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By Tim McNicholas

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NAPERVILLE, Ill. (WBBM) – There’s no right time for a tornado to strike, but the western suburbs tornado on Sunday night ravaged homes at a time when construction costs are already very high due to challenges of the pandemic.

As CBS 2’s Tim McNicholas reported on Tuesday, these high prices will affect the victims of this storm in Naperville.

Damage like the tornado requires a lot of wood – there are pieces of wood strewn all around, and they will all need to be replaced. But here’s the thing – lumber prices more than tripled during the pandemic.

These prices are just starting to drop again. Nevertheless, contractors and homeowners expect this increase to cost them dearly when rebuilding.

From overturned trees to dented gutters, tornado EF-3 devastated the Berkowitz family neighborhood in Naperville. A tree crashed into their gazebo – a gazebo the family built for themselves in 2018.

“Timber is obviously much higher than expected in previous years,” said Neil Berkowitz. “So I’m really going to have to look at the costs and see if that’s something we can actually do.”

The Berkowitzes are working with their insurance to see if they will cover the gazebo. If they rebuild it, stores will charge more for materials this time around.

“I would say probably about 30 percent more,” said Michael Loy of O&M Construction in Naperville.

Loy says entrepreneurs will also have to charge more.

“It touched us a lot,” Loy said. “So to talk about the price of the material itself, this year alone we had three shingle increases with manufacturer prices. “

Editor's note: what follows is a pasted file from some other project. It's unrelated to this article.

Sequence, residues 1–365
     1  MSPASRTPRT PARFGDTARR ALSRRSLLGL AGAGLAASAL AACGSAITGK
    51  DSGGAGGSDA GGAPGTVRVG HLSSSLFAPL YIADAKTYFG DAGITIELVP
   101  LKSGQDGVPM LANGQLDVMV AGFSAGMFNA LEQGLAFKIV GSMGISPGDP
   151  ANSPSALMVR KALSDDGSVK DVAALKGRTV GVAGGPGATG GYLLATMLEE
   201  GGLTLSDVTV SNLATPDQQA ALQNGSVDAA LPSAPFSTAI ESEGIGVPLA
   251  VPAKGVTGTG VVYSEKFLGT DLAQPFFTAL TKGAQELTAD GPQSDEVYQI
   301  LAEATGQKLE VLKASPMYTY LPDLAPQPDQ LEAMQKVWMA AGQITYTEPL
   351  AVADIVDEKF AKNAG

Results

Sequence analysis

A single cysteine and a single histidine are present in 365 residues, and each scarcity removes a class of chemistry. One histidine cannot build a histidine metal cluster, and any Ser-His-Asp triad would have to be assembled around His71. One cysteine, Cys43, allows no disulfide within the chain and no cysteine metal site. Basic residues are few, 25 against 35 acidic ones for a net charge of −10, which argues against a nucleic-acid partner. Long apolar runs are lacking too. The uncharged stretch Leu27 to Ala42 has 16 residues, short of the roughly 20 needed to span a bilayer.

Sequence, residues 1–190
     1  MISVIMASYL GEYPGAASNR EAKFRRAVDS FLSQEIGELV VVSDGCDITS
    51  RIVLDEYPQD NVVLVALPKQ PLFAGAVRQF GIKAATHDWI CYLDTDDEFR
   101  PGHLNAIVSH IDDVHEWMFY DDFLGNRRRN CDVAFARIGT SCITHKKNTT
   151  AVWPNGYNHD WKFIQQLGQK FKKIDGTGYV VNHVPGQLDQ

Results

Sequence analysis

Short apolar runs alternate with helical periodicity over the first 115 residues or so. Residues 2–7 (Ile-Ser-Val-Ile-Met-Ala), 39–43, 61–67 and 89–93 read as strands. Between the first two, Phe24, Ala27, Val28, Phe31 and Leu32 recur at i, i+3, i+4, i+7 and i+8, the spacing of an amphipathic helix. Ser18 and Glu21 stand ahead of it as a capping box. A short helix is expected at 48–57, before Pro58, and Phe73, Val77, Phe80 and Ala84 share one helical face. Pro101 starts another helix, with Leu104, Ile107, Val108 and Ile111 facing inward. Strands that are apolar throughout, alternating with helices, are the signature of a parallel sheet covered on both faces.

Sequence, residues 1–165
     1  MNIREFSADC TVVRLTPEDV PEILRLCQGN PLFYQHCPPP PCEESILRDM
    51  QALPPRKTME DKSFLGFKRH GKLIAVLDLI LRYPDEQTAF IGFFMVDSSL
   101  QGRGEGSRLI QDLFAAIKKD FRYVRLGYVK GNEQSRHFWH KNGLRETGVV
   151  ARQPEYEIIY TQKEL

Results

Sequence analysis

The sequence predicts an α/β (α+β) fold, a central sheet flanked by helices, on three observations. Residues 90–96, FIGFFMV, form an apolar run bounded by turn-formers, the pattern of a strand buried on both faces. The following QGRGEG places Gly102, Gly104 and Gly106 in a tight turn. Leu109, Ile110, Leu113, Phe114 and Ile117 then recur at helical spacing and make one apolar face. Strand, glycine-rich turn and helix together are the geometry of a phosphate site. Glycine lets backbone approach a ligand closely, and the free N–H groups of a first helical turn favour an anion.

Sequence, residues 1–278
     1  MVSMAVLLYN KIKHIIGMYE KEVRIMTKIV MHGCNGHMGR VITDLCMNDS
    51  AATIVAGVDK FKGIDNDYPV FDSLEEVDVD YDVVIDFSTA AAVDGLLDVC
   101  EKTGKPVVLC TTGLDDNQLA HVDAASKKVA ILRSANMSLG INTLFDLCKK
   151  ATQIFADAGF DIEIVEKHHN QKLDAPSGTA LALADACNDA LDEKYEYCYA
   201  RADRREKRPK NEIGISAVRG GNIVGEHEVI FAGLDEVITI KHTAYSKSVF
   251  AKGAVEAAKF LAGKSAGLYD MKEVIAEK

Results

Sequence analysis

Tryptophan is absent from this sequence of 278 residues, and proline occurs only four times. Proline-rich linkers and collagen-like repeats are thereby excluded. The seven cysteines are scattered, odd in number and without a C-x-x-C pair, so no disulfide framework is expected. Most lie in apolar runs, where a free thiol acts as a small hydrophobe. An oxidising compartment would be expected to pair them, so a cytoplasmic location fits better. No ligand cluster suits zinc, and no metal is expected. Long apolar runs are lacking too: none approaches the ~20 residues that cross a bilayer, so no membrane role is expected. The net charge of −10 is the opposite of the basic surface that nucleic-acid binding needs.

Loy says his lumber costs have skyrocketed as well. The high prices come from a global supply shortage and a huge boost in home improvement projects when the pandemic forced people to stay in their homes.

Financial experts say lumber prices are finally starting to drop, but Loy says he hasn’t seen it yet.

McNicholas: “Any indication when this might stabilize?

Loy: “I would have liked to be sure. “

For now, he said he’s doing everything in his power to keep prices low and below his clients’ insurance limits.

As for the Berkowitz family, they are grateful that this is mainly the gazebo – not the house.

“It could be a lot worse,” Berkowitz said. “I guess I consider him to be, as long as everyone else was able to come out of it healthy.”

There is no way to quantify at this time how much wood will need to be replaced. But the piles of wood around the neighborhood give an indication of the extent of the damage.

So, after the tornado, these construction companies will certainly not run out of work.

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